Paul told husbands to love and care for their wives; he did not tell the husbands to demand submission. He told wives to submit, not to demand more love or more sacrifices. Each of us must attend to our own responsibilities whether or not the other person does.1 We have to concentrate on what we can do, not on what the other person isn’t doing.

Do you deserve a break today?

If we got what we deserve, we’d be dead. All of us, through God’s grace, have more than we deserve. In Jesus, we have been given eternal life, something we did not earn and something we could never earn. If our sins were counted against us, we’d deserve punishment every day, but we get blessings instead. We don’t deserve a break today, but God gives us one anyway.

Every day, we need to be thankful for the blessings we have—always better than we deserve. When we see our spouse, always remember, this is better than I deserve. Always be thankful.

Remember the million-dollar debt God has forgiven you. Be forgiving when your spouse slips up (Matt. 18:23-35). Forgive each other from the heart, and do it fast. This is where the gospel of salvation by grace has an incredibly practical application in our day-to-day lives. It calls us to be gracious toward our spouses. It calls us to make sacrifices.

Husbands, love your wives even if you have to get down on your knees and wash their feet. Or stand up and wash the dishes. Honor them, respect them. Do not belittle them, for they are heirs with you of eternal life.


Peter calls us to humility and self-sacrifice: “Submit yourselves for the Lord’s sake to every authority instituted among men” (1 Pet. 2:12). If you don’t keep the laws of the land with integrity, don’t be surprised if your family has trouble obeying you. “Slaves, submit yourselves to your masters with all respect” (v. 18). If you bad-mouth your employer at home, don’t be surprised if your family has trouble respecting you.

“To this you were called,” Peter writes, “because Christ suffered for you, leaving you an example, that you should follow his steps” (v. 21). Yes, we follow him into suffering, into sacrificing our pride. If we have trouble obeying him, and we all do, then it should be no surprise that people have trouble doing what we want.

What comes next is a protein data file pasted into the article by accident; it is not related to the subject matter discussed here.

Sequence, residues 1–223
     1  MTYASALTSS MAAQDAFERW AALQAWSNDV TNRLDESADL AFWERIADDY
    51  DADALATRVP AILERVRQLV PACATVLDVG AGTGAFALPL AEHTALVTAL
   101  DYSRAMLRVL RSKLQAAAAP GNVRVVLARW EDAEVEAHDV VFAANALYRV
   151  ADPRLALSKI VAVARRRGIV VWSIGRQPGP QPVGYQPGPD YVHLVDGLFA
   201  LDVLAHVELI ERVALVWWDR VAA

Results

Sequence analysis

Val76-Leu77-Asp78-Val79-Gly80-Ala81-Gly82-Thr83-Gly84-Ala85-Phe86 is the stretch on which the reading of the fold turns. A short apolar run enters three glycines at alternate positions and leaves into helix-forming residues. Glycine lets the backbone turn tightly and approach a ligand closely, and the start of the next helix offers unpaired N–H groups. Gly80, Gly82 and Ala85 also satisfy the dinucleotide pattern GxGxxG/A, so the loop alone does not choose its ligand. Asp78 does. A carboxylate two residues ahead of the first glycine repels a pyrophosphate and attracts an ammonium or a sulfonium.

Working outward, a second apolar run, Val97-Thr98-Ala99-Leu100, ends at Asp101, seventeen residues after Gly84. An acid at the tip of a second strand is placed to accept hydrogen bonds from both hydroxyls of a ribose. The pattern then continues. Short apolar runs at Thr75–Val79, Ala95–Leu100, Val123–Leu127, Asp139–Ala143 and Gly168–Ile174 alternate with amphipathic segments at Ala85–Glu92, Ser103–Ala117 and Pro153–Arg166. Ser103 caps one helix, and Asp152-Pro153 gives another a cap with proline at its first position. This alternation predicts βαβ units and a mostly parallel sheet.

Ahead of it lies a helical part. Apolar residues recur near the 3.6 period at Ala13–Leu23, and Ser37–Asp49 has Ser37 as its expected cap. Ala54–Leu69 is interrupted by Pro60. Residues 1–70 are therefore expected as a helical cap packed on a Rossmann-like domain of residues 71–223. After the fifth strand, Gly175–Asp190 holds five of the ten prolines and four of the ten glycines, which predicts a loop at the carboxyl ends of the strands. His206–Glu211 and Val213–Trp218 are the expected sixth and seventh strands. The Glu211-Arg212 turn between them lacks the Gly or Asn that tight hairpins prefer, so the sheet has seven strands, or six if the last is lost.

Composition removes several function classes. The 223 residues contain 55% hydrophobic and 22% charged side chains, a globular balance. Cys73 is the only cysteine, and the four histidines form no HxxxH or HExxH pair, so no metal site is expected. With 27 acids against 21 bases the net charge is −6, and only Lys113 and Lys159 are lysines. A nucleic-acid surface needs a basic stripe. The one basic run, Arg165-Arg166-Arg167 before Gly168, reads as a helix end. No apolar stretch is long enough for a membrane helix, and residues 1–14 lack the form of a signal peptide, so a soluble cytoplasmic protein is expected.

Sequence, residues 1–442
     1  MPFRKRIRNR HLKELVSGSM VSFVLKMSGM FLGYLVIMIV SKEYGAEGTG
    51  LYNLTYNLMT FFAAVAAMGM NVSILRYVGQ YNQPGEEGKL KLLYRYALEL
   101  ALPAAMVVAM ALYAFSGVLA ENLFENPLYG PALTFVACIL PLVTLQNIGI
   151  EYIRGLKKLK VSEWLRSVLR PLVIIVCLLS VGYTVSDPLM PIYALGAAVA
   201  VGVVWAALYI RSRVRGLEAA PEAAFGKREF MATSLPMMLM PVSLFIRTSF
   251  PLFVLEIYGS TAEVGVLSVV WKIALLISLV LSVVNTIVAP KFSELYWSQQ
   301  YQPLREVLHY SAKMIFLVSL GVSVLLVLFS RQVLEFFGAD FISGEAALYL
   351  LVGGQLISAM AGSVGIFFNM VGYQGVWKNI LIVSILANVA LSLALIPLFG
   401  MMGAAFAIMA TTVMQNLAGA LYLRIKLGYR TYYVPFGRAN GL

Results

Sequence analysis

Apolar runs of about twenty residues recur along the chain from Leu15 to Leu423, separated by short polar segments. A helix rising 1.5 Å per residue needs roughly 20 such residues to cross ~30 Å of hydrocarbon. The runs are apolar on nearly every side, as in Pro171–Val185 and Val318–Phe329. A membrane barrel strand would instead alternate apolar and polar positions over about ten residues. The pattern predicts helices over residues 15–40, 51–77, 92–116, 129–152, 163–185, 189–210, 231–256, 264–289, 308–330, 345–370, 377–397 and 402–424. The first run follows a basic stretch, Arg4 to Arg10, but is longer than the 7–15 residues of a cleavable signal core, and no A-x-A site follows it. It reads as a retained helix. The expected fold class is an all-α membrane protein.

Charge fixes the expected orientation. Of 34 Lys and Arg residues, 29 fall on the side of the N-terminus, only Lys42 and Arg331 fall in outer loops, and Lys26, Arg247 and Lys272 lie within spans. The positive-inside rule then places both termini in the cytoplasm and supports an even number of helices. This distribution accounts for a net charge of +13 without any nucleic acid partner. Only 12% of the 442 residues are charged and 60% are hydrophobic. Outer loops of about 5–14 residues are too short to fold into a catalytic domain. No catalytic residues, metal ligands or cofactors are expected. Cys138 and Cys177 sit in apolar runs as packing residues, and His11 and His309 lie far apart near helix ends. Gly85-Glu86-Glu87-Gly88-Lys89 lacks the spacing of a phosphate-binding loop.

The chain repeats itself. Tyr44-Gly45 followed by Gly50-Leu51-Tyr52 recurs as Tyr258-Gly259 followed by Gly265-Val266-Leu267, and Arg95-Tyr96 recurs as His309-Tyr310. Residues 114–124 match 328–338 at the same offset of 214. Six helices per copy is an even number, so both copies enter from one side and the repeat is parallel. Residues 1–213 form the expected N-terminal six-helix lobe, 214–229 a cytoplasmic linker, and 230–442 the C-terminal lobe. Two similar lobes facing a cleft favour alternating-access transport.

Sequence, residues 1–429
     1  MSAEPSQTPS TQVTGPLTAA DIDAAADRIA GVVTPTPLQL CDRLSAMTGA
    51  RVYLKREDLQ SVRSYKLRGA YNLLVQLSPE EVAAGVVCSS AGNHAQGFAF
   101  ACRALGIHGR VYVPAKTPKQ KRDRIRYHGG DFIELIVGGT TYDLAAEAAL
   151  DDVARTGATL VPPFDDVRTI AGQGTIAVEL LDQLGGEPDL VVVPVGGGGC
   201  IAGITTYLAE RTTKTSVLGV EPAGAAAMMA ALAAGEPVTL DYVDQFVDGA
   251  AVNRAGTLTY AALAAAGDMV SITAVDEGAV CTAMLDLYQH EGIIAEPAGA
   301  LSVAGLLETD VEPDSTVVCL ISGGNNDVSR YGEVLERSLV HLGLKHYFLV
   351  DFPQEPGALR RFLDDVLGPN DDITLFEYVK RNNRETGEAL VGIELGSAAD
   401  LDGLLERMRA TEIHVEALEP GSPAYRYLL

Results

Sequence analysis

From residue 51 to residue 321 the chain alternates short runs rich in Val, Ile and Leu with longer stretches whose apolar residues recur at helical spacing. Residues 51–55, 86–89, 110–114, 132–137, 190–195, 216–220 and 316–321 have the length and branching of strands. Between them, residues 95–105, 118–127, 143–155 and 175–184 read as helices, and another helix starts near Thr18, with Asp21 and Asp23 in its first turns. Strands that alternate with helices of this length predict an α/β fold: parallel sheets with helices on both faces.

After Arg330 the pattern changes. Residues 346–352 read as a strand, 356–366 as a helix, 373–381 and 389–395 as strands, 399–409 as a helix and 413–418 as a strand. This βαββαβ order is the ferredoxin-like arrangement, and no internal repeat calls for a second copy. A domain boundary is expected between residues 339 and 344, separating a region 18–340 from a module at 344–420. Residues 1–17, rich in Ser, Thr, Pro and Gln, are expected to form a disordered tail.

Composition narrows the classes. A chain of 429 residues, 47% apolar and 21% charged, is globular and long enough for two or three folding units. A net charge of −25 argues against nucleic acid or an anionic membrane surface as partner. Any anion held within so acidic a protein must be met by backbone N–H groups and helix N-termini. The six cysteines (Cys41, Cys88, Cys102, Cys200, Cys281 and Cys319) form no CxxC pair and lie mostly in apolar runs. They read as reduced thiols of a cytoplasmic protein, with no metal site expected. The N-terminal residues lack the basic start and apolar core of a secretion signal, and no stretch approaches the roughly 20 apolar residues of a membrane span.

Peter has similar instructions for wives: “Wives, in the same way be submissive to your husbands” (3:1). And he has similar instructions husbands: “Husbands, in the same way be considerate as you live with your wives … so that nothing will hinder your prayers” (v. 7). If you don’t treat your wife right, how can you expect God to listen to you? Be considerate — that means to consider her needs before your own. That is what love means.

Ephesians 5:21 says that we are to submit to one another. We do not do this in exactly the same way (parents submit to their children in a different way than children submit to their parents), but we must all submit to one another’s needs. We need to consider our spouses better than ourselves, better than we deserve (Phil. 2:3). Husbands, lead by example, not by demanding submission.

Husbands are called to love their wives. This means that they should be patient with them, kind with them. They do not envy or brag. They are not proud, rude or self-seeking. They do not get angry easily, nor do they dredge up mistakes of the past. Husbands should always protect, always trust, always be optimistic and never give up (1 Cor. 13:6-8).

Christ calls us to self-sacrifice, to be living sacrifices. We give our lives to him, and we live for him, and we let him live in us in our day-to-day relationships.

Good marriages don’t just happen. They take work and conscious effort. When we live with someone every day for years and years, our patience will be tested. Our selfishness will be seen. Our spirituality (or lack of it) will be evident. We will make mistakes, and we will need forgiveness, and we will need to be forgiving.

Let grace abound! Forgive one another, just as Christ forgave you (Col. 3:13). Be Jesus to your spouse.

Footnote 1: A spouse is not required to stay in cooperation with an abusive or life-threatening situation.

Author: Joseph Tkach